Paul Mampilly was able to retire at the age of 42 due to his intuitive and booming investment choices. Before his retirement, he was an incredibly successful investor and Wall Street hedge fund manager. One of his investments included Amazon when they were new on the market. Most investors were doubtful of the idea that Amazon would grow into something profitable. Mampilly also managed funds for the Royal Bank of Scotland and the Kinetics Asset Management Fund. To say he is a professional investor, would be an understatement.
Paul Mampilly has also been teaching his kids about finance and stock investments for many years. He explains to his kids the differences between stocks that have a viable future and those that do not. He finds it easier to explain to his children his ideas about investments in new technologies because it can be troublesome trying to explain it to some adults.
Paul Mampilly explains that although some futuristic investments can seem risky, others are not. Technologies that can become obsolete too quickly, or ones that don’t have a strong market, are not smart investments. However, the technologies that are focusing on “the internet of things,” or gadgets that have multiple cameras, can talk to other gadgets and people, are internet ready, and can gather and send out data, can be very profitable investments.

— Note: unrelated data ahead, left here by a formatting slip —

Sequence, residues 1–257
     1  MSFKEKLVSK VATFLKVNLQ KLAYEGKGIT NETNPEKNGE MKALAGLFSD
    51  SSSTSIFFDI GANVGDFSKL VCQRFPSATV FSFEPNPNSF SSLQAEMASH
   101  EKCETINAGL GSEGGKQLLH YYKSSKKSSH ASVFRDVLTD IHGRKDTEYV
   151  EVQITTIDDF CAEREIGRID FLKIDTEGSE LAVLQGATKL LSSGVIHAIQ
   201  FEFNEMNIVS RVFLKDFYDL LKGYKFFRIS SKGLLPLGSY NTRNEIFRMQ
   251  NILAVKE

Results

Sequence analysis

Profits Unlimited is a newsletter Paul Mampilly began after he retired. In this publication, he shares with his subscribers his ideas about current investments and other profitable ventures. Recently, Mampilly discussed his interest in precision medicine. Although medical students and a few other medical professionals are up-to-date regrading precision medicine, others are not. This ground-breaking medicine works with patients and their DNA to discover specific treatments that not only treat but help in the discovery of cures for illnesses like Parkinson’s disease, arthritis, cancers, and many other ailments.
Mampilly shares in his newsletter which biotech company he thinks is the best investment right now. Either way, he believes that precision medicine will continue to be a lucrative investment in future.
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